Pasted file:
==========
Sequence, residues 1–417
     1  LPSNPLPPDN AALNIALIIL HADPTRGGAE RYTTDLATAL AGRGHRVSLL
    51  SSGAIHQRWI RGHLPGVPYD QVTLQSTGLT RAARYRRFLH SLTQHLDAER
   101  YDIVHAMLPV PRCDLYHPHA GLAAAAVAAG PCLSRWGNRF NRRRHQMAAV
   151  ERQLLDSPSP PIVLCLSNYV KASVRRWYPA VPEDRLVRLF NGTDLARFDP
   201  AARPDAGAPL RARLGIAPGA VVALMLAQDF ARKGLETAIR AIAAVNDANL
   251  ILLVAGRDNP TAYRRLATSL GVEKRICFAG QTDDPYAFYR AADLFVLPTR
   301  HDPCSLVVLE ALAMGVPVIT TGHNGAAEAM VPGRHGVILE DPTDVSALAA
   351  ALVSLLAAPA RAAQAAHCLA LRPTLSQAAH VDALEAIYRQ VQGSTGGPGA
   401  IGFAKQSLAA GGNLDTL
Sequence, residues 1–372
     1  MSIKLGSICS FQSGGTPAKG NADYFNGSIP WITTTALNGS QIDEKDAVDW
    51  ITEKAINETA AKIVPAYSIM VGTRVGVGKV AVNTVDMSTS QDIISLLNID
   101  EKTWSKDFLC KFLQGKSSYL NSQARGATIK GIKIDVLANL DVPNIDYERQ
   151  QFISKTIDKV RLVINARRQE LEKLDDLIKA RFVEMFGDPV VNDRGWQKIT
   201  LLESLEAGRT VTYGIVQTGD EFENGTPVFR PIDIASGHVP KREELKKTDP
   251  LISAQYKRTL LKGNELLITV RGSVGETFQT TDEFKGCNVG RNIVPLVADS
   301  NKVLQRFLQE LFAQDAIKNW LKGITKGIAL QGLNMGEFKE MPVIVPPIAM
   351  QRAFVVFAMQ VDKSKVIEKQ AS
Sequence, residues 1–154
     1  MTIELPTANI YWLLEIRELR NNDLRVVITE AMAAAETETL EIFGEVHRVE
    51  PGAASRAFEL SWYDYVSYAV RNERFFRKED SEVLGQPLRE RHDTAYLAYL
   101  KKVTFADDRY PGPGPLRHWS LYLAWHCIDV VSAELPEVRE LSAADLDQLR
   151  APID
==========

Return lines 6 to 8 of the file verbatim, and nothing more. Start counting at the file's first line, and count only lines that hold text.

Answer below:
   201  AARPDAGAPL RARLGIAPGA VVALMLAQDF ARKGLETAIR AIAAVNDANL
   251  ILLVAGRDNP TAYRRLATSL GVEKRICFAG QTDDPYAFYR AADLFVLPTR
   301  HDPCSLVVLE ALAMGVPVIT TGHNGAAEAM VPGRHGVILE DPTDVSALAA